With the twins draped in red, John Fogarty goes all Jack Nicholson in confessing that Jurgen Klopp makes him want to be a better man. Is this as good as it gets?
My 10-year-old self won’t allow me to remember much of Alan Hansen lifting the Division 1 trophy on April 28, 1990. It ushers me instead to 20 days earlier when another Alan — bloody Pardew — killed off the dreams of the double, me disconsolate at the foot of my stairs, unable to watch the dying minutes of extra-time.
My memory isn’t playing tricks; the FA Cup meant something. The vividness of that semi-final also had something to do with watching on TV in real time the horror that preceded the FA Cup semi-final at Hillsborough 12 months earlier but it prevails.
How that Liverpool side, great as they were but clearly tortured, ever went on to win the FA Cup just over a month later never mind come within seconds of completing the double still mystifies.
Witnessing something as affecting as that Saturday afternoon in Sheffield endures. The human side of a dominating sports club was never so cruelly shown. How could you follow any other after that?
The Irish connection buttressed the affair. The place, the scattering of Irish surnames in and around the city and the team. Ronnie Whelan, Steve Staunton, and Ray Houghton were there 30 years ago. John Aldridge had left earlier in the season, but he was my man. Oirish he might have been but like my father, he had a ’tache and just as I held Donie O’Connell and Kieran Duff, that made him golden.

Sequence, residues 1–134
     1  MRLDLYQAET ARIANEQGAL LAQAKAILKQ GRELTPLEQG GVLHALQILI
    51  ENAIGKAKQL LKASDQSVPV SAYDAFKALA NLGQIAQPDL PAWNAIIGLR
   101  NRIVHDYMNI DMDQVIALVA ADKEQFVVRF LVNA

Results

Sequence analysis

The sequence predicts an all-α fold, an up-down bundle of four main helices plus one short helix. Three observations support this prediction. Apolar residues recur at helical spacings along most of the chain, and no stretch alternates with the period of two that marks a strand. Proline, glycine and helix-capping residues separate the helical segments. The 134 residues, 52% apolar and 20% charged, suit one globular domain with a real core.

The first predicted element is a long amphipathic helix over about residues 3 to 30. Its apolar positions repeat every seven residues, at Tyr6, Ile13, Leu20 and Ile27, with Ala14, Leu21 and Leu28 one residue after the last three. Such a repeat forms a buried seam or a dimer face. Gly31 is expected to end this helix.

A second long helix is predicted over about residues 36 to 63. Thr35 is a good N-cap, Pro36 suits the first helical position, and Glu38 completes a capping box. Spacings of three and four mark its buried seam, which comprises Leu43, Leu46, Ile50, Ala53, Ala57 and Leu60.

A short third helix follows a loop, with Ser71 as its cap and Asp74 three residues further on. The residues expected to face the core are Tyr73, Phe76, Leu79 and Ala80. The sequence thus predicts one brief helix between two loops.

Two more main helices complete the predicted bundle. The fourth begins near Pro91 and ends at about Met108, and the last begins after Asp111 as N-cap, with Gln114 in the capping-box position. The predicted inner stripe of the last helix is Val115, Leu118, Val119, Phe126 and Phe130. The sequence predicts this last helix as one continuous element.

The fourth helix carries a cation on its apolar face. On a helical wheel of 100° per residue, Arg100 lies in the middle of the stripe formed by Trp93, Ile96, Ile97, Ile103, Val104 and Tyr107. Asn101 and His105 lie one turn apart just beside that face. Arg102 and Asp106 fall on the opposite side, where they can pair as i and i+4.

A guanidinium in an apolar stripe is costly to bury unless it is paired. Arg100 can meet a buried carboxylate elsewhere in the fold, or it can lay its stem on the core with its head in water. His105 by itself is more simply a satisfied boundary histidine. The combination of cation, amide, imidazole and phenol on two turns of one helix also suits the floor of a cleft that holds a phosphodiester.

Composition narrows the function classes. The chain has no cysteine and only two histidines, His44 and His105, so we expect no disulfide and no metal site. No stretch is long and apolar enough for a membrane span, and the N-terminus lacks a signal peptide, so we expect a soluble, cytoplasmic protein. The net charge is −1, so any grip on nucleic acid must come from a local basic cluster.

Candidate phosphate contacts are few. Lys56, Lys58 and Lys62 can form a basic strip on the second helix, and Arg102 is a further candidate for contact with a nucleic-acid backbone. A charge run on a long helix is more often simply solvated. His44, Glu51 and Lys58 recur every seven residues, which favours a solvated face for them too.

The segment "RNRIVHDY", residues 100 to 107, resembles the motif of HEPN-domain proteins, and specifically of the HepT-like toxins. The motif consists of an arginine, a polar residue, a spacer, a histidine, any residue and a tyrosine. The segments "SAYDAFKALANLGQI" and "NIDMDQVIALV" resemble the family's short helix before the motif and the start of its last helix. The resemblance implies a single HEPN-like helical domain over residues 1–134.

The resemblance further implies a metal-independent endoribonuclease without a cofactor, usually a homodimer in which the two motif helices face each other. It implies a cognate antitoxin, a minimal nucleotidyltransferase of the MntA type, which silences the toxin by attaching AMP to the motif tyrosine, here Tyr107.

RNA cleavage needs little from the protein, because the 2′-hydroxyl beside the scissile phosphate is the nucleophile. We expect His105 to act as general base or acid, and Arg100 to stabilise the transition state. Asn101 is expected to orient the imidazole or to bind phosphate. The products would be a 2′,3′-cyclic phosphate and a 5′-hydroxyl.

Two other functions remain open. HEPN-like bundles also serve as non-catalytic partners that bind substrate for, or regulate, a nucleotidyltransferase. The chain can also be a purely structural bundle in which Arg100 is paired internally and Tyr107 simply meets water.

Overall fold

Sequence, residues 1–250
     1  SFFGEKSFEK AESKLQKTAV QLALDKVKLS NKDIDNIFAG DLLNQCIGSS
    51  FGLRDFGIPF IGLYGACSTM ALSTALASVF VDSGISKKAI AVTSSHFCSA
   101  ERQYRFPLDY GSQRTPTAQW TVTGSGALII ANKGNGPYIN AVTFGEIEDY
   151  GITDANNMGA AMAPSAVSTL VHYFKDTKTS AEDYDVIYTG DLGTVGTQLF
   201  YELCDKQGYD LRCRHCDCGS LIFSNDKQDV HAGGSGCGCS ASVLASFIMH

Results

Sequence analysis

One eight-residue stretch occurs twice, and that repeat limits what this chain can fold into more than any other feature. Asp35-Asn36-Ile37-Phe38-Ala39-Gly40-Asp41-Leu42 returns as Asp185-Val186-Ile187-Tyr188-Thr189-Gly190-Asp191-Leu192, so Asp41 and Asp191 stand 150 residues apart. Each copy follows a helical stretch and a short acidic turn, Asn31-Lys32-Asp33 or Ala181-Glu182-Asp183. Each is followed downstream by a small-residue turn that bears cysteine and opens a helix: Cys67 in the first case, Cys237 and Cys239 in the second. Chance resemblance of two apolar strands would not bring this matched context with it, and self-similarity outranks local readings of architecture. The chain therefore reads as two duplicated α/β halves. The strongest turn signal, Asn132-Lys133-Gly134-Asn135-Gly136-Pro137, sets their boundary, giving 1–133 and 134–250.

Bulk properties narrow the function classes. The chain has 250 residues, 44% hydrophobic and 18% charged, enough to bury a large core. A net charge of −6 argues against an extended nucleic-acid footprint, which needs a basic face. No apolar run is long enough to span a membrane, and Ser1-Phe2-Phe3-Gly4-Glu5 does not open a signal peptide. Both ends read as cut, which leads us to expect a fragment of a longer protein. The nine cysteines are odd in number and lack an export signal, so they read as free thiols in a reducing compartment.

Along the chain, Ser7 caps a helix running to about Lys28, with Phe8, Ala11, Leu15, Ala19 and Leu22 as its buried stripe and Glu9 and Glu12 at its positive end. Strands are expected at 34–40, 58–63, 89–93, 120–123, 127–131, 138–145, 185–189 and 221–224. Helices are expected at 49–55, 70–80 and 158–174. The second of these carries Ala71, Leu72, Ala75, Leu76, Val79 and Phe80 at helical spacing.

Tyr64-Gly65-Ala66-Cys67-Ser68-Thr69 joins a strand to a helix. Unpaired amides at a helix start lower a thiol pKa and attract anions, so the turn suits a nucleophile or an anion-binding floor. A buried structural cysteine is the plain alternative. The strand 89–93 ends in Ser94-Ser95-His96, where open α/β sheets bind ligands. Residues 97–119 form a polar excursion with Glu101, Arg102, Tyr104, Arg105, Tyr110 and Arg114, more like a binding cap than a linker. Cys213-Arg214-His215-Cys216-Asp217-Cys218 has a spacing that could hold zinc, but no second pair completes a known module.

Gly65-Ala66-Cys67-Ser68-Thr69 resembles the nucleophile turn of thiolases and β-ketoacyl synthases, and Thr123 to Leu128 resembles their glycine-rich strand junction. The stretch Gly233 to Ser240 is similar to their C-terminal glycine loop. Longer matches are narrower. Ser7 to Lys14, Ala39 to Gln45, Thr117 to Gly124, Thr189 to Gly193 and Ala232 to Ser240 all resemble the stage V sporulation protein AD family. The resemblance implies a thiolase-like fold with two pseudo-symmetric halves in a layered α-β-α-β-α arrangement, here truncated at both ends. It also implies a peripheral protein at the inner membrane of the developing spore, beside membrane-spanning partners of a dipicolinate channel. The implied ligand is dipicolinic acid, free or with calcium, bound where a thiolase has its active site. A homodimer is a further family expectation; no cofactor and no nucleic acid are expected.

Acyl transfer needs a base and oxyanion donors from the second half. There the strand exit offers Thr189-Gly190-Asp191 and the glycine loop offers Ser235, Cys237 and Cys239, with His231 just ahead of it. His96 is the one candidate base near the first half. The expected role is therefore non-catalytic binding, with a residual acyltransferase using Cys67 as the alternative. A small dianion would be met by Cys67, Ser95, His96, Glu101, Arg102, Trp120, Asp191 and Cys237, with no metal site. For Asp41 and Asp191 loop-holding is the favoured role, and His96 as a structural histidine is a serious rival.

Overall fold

As sentimental as his appointment was, I still wonder what might Roy Evans have achieved had he preceded Graeme Souness as manager instead of having to pick up the pieces. Any ill-feeling towards Gerard Houllier for ‘backstabbing’ Evans evaporated when he fell sick. The cups before that helped too, of course.
After him, Rafa Benitez promised and delivered. He had me at hello and lost me when he waved goodbye to Xabi Alonso. Fans aren’t always right but that decision screamed silliness.
Hope kills but it compromises too. What supporter isn’t, says you, but I convinced myself for the first month at least that Roy Hodgson would turn out to be the right fit. I was adamant Kenny Dalglish going back was the right thing to do. Ditto his defence of Luis Suarez in the wake of the racist allegation made by Patrice Evra. I was outraged when Brendan Rodgers felt he was too good to be interviewed for the position.
As close as Rodgers came to ending the famine, as impressive as those 11 straight wins were in 2014, it was almost ethereal. Up to then, my Liverpool fairytales were limited to singular games — Cardiff 2001 and ’06, Istanbul ’05 and against Olympiakos in ’04, when I was in the old Centenary Stand. Magical as they were, they never extended to anything more and when Leicester City claimed a remarkable Premier League in 2016 it seemed they had stolen Liverpool’s fairy dust.
Only when Jurgen Klopp arrived did hope begin to feel like expectation again. The charisma provided him with a lengthy and, as it turned out, necessary honeymoon even if I was adamant up to last season that he had made a mistake sticking with Jordan Henderson as captain.